By Matt Salusbury and Rafaela Peteanu
Previously known as Erasmus for All, Erasmus+ will replace the numerous European Commission grant funding programmes such as Erasmus, Leonardo, Comenius and Grundtvig, and Youth in Action – all existing components of the Lifelong Learning Programme – and merge them into one streamlined super-programme.
Added to Erasmus+ will be the international cooperation programmes currently outside the Lifelong Learning Programme. These include Erasmus Mundus, Tempus (for the modernisation of higher education in eastern Europe, central Asia, the western Balkans and the Mediterranean) and the various EU educational exchanges with industrialised countries. Also added to the mix will be two new strands currently funded from different sources, youth and sport.
Erasmus+ will be available to all learners and trainers through any public or private body active in education, training, youth and sport. It will support formal and non-formal learning experiences and activities across all sectors, with a €19 billion (£16.2 billion) budget up to 2020, benefiting an estimated five million people and 115,000 institutions.
The European Commission Education and Training website states that ‘target beneficiaries’, those who can apply for grants, won’t change. But some – as yet unnamed – activities will be reduced or discontinued, or transferred to other funding streams such as the European Social Fund. Grant-supported work placements for ‘mobility of people who are already on the job market’, currently part of Leonardo, is given as an example of an activity that will leave Erasmus’s remit and transfer to the social fund.
Erasmus+ will be open to all EU member states plus Iceland, Liechtenstein, Norway, Switzerland, EU candidate countries and ‘pre-accession’ countries, including Turkey and the western Balkans. And it will fund beneficiaries in non-EU countries, mostly ‘neighbourhood countries’, for some activities such as study, training and youth activities that take place within the EU. (The neighbourhood countries are Armenia, Azerbaijan, Belarus, Georgia, Moldova, Ukraine, Algeria, Egypt, Israel, Jordan, Lebanon, Morocco, Occupied Palestinian Territory, Syria and Tunisia.)
However, this is all – at time of going to press – still just a proposal which is ‘subject to change based on ... negotiations’ between the European Parliament, the European Commission and the Council of Ministers. As we go to press, Erasmus+ has yet to be formally adopted. British Council (BC) director for European programmes Ruth Sinclair-Jones told the Gazette this was expected in October or November. (The BC and Ecrorys are current UK Erasmus+ national agencies, and Sinclair-Jones is optimistic about the BC being confirmed as a UK national agency from 2014.)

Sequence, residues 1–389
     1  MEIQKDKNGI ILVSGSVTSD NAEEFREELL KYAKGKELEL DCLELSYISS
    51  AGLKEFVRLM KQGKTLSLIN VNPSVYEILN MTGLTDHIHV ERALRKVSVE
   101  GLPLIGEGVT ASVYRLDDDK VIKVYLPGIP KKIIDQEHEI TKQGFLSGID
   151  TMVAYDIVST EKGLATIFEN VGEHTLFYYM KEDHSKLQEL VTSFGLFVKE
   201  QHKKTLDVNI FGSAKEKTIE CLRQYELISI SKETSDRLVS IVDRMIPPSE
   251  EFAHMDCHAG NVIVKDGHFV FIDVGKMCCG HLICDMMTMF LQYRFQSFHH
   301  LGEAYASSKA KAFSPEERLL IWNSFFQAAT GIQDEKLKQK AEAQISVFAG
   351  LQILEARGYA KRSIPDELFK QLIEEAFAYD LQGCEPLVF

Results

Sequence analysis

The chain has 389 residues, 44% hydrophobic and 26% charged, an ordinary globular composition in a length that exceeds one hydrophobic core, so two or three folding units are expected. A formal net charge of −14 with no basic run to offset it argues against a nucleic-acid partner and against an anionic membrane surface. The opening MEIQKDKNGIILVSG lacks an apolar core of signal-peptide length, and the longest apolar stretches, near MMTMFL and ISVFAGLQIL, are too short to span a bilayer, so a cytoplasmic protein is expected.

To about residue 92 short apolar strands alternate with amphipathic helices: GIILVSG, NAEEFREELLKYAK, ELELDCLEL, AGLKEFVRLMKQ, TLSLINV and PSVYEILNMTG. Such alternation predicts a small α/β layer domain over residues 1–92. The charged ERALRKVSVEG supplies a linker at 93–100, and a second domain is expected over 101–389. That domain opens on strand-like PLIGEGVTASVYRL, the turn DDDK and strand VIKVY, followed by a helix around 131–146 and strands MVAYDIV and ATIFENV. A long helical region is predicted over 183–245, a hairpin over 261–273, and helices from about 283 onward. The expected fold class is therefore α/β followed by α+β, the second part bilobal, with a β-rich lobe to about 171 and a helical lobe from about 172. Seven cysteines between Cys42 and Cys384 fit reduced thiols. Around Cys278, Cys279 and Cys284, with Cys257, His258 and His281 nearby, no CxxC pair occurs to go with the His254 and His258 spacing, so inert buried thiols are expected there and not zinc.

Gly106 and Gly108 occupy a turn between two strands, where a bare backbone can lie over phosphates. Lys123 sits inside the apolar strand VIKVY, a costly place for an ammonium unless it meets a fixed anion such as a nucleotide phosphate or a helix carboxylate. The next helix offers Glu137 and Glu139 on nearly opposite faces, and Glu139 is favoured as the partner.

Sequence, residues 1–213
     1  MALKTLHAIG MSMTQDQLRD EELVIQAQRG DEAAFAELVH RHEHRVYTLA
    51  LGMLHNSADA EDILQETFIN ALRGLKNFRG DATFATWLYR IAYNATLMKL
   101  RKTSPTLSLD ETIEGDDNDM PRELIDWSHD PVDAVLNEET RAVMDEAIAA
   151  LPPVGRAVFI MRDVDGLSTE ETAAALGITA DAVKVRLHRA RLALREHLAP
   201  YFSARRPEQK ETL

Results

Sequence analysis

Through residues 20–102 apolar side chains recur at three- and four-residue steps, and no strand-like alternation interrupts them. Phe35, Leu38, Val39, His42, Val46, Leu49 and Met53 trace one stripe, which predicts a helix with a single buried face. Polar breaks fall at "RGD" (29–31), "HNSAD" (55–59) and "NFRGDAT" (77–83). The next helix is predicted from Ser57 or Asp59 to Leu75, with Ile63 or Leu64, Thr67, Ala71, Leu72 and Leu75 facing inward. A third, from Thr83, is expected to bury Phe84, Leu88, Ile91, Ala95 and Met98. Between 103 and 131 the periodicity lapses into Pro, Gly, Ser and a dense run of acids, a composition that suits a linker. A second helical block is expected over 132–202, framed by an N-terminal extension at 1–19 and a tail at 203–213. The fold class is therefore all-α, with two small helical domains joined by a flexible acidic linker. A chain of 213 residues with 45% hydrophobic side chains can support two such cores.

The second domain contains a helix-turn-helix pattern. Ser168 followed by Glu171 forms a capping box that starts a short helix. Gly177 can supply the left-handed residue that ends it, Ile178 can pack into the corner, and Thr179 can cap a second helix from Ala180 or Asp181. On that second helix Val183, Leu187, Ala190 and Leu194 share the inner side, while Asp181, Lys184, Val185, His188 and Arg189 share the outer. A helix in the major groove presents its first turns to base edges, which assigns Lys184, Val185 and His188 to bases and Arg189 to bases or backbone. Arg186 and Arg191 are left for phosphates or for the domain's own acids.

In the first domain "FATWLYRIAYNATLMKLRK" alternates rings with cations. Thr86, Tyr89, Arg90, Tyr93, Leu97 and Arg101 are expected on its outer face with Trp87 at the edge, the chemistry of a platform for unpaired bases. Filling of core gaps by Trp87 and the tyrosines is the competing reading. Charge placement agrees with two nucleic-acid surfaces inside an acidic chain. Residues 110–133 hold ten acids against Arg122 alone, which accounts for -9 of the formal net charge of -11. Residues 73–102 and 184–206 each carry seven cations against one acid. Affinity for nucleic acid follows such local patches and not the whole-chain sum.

We do know with certainty that Erasmus+ will be based around three ‘key actions’, rather than sectors of education as before. The current sub-programmes Leonardo (work experience), Grundtvig (adult education), Erasmus (higher education) and Comenius (primary and secondary education, including EFL teachers) will be replaced with the key actions (see below for more details on what they are likely to include).
In addition to the key actions, there are two new components, Youth and Sport, each with its own budget. The plan is for them to be integrated into Erasmus+. There’s even less information on exactly what Youth in Action will look like. So far it seems to involve ‘helping people to develop their skills and to improve their chances on the labour market’ with an emphasis on youth volunteering projects. There may be opportunities for work experience providers to capitalise on Youth in Action when more details are known.
Will we still be able to recognise activities within Erasmus+ by old names such as Leonardo, Comenius and so on? Sinclair-Jones told us, ‘There isn’t a final position on this at the European level’; these names ‘would still be available to be used as branding’ conditional on the anticipated European Parliament autumnal sign-off. This appears to contradict the European Commission’s Education and Training website, whose FAQ has the question, ‘Why has the Commission decided to stop using existing names of mobility programmes such as Leonardo da Vinci, Comenius and Grundtvig?’
The criteria for applications haven’t been published yet, beyond the announcement that universities that want to participate in Erasmus+ have to (as before) get themselves an Erasmus Charter for Higher Education (ECHE) if they want a piece of the action. The deadline has already passed to apply for a charter for the academic year 2014–15 (see our links list below).
Erasmus+ also brings to the table two new elements: a loan guarantee scheme for masters students for study abroad, and the creation of 400 ‘knowledge alli ances’ and ‘sector skills alliances’. These would be partnerships between higher education institutions and businesses, and between education and training centres and businesses, respectively.
With deadlines rapidly approaching for applications for some Erasmus+ 2014 grants – 17 September for some Grundtvig in-service training money, and not long after that for early 2014 Grundtvig study visits – how can applicants apply for Erasmus+ grants?
Assuming the European Parliament’s formal adoption of Erasmus+ goes according to plan, applications will then open for Erasmus+ 2014 funding. There will be new application forms according to Sinclair-Jones, but the new programme will be a ‘continuation’, and applicants will probably be able to find what they’re looking for under the old Comenius, Leonardo, etc. headings, at least temporarily. Whatever names and criteria are used to differentiate the various bits of Erasmus+, there will be information available that will ‘make clear which parts are relevant to schools’ and to other sectors and activities, she added.